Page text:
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Vic abattoir abuse is 'worst' vet has seen

Wed 23 Nov 2016 by Angus Livingston (Daily Telegraph)

This article relates to the following facility: Riverside Meats Abattoir (Aussie Abattoirs)

Animals at an Echuca slaughterhouse have been tortured in shocking videos that Victoria's chief vet says are the worst he's seen in his career.

Victorian abattoir regulator PrimeSafe has demanded four staff at Riverside Meats be stood down and more than 170 hours of video is now being reviewed.

"Probably in terms of video evidence, (this is) the worst case I've seen in my career," chief vet Charles Milne said on Wednesday.

"There is no question in my mind that the level of welfare abuse that was occurring must have been known to the management.

'There are over 170 hours of evidence, of which I've only seen 15 minutes, but that to me indicates that this is a systemic problem."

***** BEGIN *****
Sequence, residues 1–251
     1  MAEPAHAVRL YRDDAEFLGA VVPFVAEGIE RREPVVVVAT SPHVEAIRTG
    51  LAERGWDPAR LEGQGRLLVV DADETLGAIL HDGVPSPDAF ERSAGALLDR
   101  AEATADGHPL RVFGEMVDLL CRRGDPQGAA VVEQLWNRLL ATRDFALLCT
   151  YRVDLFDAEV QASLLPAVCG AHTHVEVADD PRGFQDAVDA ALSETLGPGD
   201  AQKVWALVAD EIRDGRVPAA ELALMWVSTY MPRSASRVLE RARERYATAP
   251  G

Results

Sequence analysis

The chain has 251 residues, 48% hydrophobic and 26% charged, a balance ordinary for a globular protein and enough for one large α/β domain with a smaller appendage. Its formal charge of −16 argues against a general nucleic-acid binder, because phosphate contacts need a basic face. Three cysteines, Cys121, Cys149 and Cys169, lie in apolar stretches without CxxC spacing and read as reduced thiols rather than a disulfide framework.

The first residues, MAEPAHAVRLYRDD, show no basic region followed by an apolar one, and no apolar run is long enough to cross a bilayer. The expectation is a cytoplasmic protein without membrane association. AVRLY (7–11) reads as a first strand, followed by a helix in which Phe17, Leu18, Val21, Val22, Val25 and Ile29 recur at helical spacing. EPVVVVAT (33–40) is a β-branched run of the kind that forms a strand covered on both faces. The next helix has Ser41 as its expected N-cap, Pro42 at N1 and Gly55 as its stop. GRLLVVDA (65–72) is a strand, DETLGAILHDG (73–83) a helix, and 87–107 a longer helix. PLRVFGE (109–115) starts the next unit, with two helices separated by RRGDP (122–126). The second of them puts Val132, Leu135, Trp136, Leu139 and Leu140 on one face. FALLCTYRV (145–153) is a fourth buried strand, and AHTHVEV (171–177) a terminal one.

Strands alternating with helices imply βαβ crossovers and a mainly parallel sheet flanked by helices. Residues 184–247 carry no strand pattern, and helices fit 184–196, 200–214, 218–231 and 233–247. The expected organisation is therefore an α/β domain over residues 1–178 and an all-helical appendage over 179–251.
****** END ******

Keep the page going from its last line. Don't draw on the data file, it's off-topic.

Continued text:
No one was available to comment at Riverside Meats on Wednesday afternoon.

Agriculture Minister Jaala Pulford said the "shocking and disturbing footage" was distressing to watch.

"The kind of cruelty that is evident in this video footage I think is very disturbing," Ms Pulford said.

In the video clip provided to the ABC, animals are shown being prodded with electric stunning devices on the neck, face and head, instead of on the side of the head.

Dr Milne said the videos were "extremely distressing" and people should think carefully before watching them.

Animals Australia obtained the footage anonymously several weeks ago and handed it to authorities.

Riverside Meats is being investigated over the video footage and allegations of cruelty.

"It will be our number one priority over the coming days and weeks," Dr Milne said.

Riverside Meats was sanctioned over cruelty allegations in 2013, but Dr Milne said the new claims are a step above.

"The video footage I've seen of 2013 is in a completely different league to what we've experienced this year," he said.

"You cannot abdicate the management's responsibility to safeguard the welfare of animals under their care. It's their responsibility, not the enforcer."